Kalhora rule of Sindh began in 1701 when Mian Yar Muhammad Kalhoro was invested with title of Khuda Yar Khan and was made governor of Upper Sindh sarkar by royal decree of the Mughals.[115] Later, he was made governor of Siwi through imperial decree. He founded a new city Khudabad after he obtained from Aurangzeb a grant of the track between the Indus and the Nara and made it the capital of his kingdom. Thenceforth, Mian Yar Muhammad became one of the imperial agents or governors. Later he extended his rule to Sehwan and Bukkur and became sole ruler of Northern and central Sindh except Thatto which was still under the administrative control of Mughal Empire.[115]

The Kalhora dynasty succumbed to the Afghan Qizilbash during the invasion of Nadir Shah. Mian Ghulam Shah Kalhoro reorganised and consolidated his power, but his son lost control of Sindh and was overthrown by Talpurs Amirs. Mian Abdul Nabi Kalhoro was the last Kalhora ruler.[116]

Talpur dynasty (1783–1843)[edit]

Tombs of the Talpur Mirs in Hyderabad
Talpur dynasty, circa. 1823 before annexation by British.

The Talpur dynasty (Sindhi: ٽالپردور‎; Urdu: سلسله تالپور‎) succeeded the Kalhoras in 1783 and four branches of the dynasty were established.[117] One ruled lower Sindh from the city of Hyderabad, another ruled over upper Sindh from the city of Khairpur, a third ruled around the eastern city of Mirpur Khas, and a fourth was based in Tando Muhammad Khan. They were ethnically Baloch,[118] and for most of their rule, they were subordinate to the Durrani Empire and were forced to pay tribute to them.[119][120]

They ruled from 1783, until 1843, when they were in turn defeated by the British at the Battle of Miani and Battle of Dubbo.[121] The northern Khairpur branch of the Talpur dynasty, however, continued to maintain a degree of sovereignty during British rule as the princely state of Khairpur,[118] whose ruler elected to join the new Dominion of Pakistan in October 1947 as an autonomous region, before being fully amalgamated into West Pakistan in 1955.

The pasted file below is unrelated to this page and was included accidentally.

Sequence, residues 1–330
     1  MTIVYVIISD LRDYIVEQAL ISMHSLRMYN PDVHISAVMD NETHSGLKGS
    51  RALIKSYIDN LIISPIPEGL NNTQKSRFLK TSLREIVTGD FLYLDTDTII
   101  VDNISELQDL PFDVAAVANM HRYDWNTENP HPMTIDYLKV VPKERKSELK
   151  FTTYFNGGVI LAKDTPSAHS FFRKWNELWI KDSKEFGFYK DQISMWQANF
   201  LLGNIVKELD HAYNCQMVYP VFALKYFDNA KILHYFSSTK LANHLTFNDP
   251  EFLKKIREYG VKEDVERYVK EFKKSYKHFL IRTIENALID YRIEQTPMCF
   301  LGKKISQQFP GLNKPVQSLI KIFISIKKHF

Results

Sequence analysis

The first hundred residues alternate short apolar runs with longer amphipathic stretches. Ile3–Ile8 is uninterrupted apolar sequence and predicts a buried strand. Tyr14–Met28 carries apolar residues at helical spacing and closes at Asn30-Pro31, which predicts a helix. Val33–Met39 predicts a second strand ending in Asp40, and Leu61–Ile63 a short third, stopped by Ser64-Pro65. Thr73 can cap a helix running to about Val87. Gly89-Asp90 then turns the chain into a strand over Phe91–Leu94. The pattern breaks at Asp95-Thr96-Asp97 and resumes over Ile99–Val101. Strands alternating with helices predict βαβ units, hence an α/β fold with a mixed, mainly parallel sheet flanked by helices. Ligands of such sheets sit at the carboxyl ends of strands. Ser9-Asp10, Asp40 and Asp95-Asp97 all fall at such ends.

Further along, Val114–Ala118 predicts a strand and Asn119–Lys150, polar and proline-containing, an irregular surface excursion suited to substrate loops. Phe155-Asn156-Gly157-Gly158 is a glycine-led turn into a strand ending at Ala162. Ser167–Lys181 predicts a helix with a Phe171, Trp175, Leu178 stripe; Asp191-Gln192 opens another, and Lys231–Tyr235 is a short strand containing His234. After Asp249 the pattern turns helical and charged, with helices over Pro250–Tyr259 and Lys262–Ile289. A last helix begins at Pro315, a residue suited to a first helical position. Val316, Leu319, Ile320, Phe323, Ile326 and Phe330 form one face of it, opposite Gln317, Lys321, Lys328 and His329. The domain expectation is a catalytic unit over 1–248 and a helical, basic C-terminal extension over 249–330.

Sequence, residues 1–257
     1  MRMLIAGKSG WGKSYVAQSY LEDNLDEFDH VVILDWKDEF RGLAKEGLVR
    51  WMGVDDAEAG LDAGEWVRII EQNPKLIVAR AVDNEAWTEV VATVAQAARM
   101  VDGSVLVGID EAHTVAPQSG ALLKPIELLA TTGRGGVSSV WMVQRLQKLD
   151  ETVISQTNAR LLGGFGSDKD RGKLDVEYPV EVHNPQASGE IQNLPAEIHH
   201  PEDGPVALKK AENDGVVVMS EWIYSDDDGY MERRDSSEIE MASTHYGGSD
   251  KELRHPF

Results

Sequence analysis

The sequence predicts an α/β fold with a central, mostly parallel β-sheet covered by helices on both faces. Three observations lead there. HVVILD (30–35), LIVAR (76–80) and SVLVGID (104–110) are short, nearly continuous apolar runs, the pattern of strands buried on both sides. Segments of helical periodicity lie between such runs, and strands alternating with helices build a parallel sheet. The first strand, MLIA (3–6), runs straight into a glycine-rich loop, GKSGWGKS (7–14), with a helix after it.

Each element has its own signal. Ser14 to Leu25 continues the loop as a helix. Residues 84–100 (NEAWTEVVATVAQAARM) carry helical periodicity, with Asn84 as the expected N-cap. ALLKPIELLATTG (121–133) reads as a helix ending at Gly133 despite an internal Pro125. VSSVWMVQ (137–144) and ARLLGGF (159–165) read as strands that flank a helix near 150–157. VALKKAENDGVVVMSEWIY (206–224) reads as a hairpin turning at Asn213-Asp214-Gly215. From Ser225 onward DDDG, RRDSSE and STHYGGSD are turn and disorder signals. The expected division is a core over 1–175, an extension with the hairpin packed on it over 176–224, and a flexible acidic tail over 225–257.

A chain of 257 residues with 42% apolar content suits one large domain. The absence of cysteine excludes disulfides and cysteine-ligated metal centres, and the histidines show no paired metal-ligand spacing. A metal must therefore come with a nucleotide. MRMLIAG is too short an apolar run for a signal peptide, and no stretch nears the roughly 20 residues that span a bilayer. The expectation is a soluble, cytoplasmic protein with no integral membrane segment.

Modern era[edit]

Sindh became part of the Bombay Presidency in 1909.

British Rule (1843–1947)[edit]

The British conquered Sindh in 1843. General Charles Napier is said to have reported victory to the Governor General with a one-word telegram, namely Peccavi – or I have sinned (Latin).[122]

The British had two objectives in their rule of Sindh: the consolidation of British rule and the use of Sindh as a market for British products and a source of revenue and raw materials. With the appropriate infrastructure in place, the British hoped to utilise Sindh for its economic potential.[123]

The British incorporated Sindh, some years later after annexing it, into the Bombay Presidency. Distance from the provincial capital, Bombay, led to grievances that Sindh was neglected in contrast to other parts of the Presidency. The merger of Sindh into Punjab province was considered from time to time but was turned down because of British disagreement and Sindhi opposition, both from Muslims and Hindus, to being annexed to Punjab.[123]

The British desired to increase their profitability from Sindh and carried out extensive work on the irrigation system in Sindh, for example, the Jamrao Canal project. However, the local Sindhis were described as both eager and lazy and for this reason, the British authorities encouraged the immigration of Punjabi peasants into Sindh as they were deemed more hard-working. Punjabi migrations to Sindh paralleled the further development of Sindh's irrigation system in the early 20th century. Sindhi apprehension of a ‘Punjabi invasion’ grew.[123]